Urquhart is a blogger (Internet jargon for a person who keeps a Web log, or journal).
In what may be a first for a Utah lawmaker, the St. George Republican frequently posts comments on his Web site, http://www.steveu.com, chatting about bills or the latest news. His constituents get more than just an occasional quote in the newspaper, they get his full explanation.
"Because the session gets so busy, the blog is a wonderful way to communicate with constituents," Urquhart says. "They might send me a friendly e-mail, like 'Vote against HJR 1, you moron!' or 'Vote for SB34 - or next election you're toast!' "
Urquhart's idea apparently is spreading. House Republicans are setting up their own blog, http:// http://www.utahhousemajority.com, and Rep. Jeff Alexander, R-Provo, is planning to launch http://www.jeff- alexander.com.
"We better finally step up," Alexander says, not wanting to be left in the dark digital age.
Urquhart says it doesn't take much work, maybe 10 to 15 minutes a day, but the payoff is great. It's well worth it for the lawmaker who once rented a hot-air balloon and offered free rides to draw constituents out to chat.
"About 20 people showed up - and I'm rounding up, because my ego is still bruised," he quips.
His Web site is a quick glance inside Urquhart's head. Want to know what he thought of Gov. Jon Huntsman Jr.'s State of the State address, his stand on the never-ending bank/credit union battle, or a skirmish over budget priorities? Just look it up.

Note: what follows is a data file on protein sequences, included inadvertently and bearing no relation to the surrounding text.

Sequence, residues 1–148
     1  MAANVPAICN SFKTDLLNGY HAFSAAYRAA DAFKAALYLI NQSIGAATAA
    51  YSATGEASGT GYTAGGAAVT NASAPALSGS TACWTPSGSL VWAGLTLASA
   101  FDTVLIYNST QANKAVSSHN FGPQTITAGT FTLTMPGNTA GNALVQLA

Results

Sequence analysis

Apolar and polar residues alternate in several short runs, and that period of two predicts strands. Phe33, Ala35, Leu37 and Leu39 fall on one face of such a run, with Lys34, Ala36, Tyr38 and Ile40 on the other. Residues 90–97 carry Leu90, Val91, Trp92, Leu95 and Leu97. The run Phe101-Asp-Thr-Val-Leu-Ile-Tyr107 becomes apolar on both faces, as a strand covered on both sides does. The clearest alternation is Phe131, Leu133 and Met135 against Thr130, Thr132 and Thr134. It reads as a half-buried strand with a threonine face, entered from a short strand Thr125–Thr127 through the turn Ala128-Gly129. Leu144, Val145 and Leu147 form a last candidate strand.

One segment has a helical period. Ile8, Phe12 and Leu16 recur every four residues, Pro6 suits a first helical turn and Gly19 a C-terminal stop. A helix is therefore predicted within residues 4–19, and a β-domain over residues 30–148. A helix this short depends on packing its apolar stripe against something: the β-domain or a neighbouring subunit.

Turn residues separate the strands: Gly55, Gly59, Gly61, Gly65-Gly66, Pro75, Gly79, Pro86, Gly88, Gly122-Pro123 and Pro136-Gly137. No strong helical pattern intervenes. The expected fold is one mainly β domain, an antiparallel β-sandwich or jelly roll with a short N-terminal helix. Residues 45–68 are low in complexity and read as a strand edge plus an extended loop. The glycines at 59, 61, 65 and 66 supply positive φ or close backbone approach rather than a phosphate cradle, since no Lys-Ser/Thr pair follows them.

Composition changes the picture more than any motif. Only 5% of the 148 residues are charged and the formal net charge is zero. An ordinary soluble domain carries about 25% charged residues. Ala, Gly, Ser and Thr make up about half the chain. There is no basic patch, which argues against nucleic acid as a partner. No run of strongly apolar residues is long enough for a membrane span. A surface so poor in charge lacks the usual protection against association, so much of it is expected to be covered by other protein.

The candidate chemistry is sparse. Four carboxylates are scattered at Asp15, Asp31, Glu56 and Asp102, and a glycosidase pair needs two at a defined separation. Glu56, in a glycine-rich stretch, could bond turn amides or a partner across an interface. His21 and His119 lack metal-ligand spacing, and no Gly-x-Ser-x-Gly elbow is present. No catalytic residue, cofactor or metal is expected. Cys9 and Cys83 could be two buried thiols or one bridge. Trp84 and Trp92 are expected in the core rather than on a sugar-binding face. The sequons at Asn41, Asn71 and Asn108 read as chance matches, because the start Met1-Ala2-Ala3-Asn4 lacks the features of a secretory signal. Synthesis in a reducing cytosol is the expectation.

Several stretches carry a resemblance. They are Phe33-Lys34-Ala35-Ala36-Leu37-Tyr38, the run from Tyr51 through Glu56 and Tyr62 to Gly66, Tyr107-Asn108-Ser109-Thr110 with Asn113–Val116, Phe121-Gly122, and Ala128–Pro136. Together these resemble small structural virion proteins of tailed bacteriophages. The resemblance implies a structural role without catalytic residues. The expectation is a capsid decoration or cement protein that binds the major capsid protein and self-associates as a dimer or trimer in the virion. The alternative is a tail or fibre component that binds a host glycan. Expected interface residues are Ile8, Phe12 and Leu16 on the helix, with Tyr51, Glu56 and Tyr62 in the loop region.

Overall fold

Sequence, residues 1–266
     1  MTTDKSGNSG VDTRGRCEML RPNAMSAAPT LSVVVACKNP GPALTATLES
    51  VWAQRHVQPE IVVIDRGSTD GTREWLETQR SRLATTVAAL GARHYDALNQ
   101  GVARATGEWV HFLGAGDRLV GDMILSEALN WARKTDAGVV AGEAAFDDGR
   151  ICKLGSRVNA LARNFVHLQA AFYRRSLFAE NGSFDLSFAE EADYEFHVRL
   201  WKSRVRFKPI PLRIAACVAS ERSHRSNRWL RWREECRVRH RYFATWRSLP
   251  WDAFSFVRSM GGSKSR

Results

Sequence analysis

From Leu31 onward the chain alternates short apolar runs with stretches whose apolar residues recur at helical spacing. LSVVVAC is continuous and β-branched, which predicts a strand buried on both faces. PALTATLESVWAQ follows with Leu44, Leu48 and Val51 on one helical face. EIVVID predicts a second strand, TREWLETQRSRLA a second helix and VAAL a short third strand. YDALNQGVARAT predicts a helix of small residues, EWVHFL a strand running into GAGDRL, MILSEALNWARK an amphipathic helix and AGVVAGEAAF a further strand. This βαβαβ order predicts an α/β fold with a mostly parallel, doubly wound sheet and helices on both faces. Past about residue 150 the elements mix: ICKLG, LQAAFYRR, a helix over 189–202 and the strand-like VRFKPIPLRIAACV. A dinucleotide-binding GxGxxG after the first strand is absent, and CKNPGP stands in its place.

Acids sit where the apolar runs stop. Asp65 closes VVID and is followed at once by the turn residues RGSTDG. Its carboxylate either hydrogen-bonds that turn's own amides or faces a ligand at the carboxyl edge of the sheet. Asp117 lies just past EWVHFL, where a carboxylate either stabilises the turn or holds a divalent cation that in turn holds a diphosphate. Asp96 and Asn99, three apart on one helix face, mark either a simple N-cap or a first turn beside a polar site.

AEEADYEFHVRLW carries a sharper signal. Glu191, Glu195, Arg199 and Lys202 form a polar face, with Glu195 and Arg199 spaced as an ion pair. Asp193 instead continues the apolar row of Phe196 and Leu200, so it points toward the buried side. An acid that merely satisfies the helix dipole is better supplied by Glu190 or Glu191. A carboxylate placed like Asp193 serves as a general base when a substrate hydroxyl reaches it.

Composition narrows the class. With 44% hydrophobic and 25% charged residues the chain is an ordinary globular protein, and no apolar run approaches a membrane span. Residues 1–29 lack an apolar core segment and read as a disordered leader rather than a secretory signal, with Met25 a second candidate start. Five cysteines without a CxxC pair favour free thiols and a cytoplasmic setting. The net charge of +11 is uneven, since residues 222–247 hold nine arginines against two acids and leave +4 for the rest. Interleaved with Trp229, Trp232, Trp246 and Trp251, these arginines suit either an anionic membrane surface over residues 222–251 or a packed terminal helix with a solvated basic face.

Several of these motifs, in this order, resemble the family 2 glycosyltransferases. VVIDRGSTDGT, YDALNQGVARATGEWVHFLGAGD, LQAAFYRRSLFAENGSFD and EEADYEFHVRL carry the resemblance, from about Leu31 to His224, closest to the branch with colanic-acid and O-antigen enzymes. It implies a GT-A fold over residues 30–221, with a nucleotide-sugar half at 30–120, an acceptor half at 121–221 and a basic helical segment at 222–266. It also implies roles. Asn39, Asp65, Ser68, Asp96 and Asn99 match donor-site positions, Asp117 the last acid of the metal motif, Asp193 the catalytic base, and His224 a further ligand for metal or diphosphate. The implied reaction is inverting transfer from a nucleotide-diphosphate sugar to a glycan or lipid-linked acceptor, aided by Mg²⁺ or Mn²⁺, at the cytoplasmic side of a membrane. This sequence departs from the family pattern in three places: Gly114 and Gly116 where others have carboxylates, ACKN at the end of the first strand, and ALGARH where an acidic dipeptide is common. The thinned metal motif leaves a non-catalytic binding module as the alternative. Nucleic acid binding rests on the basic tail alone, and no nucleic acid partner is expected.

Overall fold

Anyone with computer access can keep track of what Utah lawmakers are doing by clicking on http://www.le.utah.gov; residents can read bills, check votes and watch video of the floor time.
But for St. George resident Darci Hansen, Urquhart's blog is one step further.
"It is a bold move for any politician to open themselves up to the public expressing ongoing personal views on legislative issues," says Hansen, who reads the blog everyday. "Although, isn't that how it should be?"
Some Utah lawmakers also are pretty tech-savvy; Sen. Michael Waddoups, R-Taylorsville, for example, uses instant messenger while on the floor. Sen. Ron Allen, D-Stansbury Park, has his own Web site for his consulting business. And House Speaker Greg Curtis taps into UtahCitizen.com, which allows him to e-mail out occasional alerts and comments.
Others, of course, are still figuring out e-mail. An ongoing joke on the Hill is who will inherit Rep. Brad Johnson's barely used laptop when it's exchanged for a new one. The Republican rancher isn't a big tech fan and doesn't use a computer outside the session.
Some of Urquhart's constituents praise his postings, though he admits it has downsides.
"Others, of course - probably the smart ones - thank me for the written proof that I am, indeed, a moron and ask when the filing date is to run against me," Urquhart says, tongue-in-cheek.
Urquhart says he is not trying to replace the Capitol press corp. "The media has an obligation to present different sides of an issue, whereas on my blog I mostly stick to the side of the angels - which, for ease of reference, I always happen to be on."